14 February 2010
Well, I’ve been in Melbourne a couple of days now – finally over the jetlag. The flight from London via Hong Kong is a bit of a marathon, and with an 11 hour time difference, it’s not surprising my body clock was confused.
I am staying in a student complex, about 30 minutes outside the city, and about 15 minutes from the La Trobe campus. It’s a matchbox size single room with a bed, sink and toilet/shower (the toilet is actually inthe shower cubicle!). What more does a guy need?
I’ve had two short trips into the city. First, on Thursday, I visited Leeora Black, Director of ACCSR, and took a lovely stroll through the Royal Botanical Gardens. There’s some great, funky architecture down town. Friday was just a quick trip in to apply for a passport renewal.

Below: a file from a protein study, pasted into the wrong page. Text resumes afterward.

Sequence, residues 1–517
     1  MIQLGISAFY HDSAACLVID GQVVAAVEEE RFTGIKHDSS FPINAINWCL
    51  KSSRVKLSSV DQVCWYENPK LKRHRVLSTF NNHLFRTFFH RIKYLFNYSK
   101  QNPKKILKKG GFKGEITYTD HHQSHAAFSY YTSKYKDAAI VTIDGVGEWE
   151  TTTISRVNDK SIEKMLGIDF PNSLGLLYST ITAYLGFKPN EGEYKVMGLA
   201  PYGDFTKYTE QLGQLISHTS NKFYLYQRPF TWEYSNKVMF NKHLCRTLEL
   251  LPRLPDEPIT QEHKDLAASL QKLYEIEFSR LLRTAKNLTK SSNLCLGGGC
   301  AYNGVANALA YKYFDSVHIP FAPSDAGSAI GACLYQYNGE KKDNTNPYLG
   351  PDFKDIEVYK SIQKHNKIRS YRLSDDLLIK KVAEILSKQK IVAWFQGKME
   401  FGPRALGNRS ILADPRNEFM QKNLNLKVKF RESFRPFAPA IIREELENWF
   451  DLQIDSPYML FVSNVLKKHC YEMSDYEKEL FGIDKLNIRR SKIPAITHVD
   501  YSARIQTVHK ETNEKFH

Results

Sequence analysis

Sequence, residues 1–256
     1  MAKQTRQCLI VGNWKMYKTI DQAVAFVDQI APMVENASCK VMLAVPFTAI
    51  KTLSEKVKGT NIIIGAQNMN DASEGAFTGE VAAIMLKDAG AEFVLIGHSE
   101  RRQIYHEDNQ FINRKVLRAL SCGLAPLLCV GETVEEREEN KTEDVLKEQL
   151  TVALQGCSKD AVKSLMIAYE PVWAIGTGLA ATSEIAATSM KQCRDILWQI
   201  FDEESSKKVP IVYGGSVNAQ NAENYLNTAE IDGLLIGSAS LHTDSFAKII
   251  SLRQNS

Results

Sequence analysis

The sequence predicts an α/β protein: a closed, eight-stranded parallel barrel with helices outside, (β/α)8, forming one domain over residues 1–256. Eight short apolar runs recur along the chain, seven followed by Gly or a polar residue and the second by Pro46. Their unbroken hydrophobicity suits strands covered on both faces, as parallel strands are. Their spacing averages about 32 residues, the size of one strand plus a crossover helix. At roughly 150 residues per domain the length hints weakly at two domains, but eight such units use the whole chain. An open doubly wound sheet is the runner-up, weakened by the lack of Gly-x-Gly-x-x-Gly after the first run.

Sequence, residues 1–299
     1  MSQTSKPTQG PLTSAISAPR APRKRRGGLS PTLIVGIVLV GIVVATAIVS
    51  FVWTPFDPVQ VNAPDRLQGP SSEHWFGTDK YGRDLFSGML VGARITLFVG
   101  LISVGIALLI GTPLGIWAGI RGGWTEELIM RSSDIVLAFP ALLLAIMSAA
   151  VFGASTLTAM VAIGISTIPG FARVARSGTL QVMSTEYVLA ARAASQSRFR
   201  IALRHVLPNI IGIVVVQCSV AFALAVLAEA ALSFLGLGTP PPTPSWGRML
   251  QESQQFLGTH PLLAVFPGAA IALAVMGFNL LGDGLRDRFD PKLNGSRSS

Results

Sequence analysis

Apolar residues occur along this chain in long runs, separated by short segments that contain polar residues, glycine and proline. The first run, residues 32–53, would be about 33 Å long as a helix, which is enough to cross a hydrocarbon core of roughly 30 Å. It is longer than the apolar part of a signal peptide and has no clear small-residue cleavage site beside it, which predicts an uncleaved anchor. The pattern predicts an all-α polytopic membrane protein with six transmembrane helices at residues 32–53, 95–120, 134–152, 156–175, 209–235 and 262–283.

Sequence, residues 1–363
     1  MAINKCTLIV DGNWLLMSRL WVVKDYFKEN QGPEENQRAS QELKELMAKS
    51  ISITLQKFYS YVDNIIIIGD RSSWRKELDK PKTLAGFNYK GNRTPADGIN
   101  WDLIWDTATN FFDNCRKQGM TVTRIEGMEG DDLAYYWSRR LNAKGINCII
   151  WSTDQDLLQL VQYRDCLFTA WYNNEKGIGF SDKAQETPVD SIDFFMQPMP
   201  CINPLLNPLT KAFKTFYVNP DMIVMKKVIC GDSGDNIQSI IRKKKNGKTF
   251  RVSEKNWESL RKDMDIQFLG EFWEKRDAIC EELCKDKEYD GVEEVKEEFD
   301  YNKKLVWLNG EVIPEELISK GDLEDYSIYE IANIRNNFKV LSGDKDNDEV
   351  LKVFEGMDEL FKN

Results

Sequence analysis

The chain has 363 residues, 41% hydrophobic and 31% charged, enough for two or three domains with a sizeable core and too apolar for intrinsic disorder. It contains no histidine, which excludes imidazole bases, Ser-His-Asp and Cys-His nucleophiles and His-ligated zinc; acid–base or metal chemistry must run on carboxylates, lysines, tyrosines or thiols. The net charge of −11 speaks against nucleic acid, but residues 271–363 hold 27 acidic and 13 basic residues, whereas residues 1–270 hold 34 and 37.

Friday to Sunday, I was teaching at La Trobe Graduate School of Management – the first half of a 6 day module on Business in Society, as part of a Masters in Responsible Business. They are a great bunch of students – a mixture of managers, local government officials and academics.
The La Trobe campus is vast, with large expanses of green space. I keep seeing “beware of the kangaroo” signs, but I haven’t seen any yet (maybe they can’t read?). There is a nature reserve right next to the campus, which I look forward to visiting.
Today, I head off to Sydney for a couple of days, where I will be teaching a 1-day workshop for the University of New South Wales on “Creating Change through Social Responsibility”. I should have a day or so to be a city tourist as well, before heading back to Melbourne.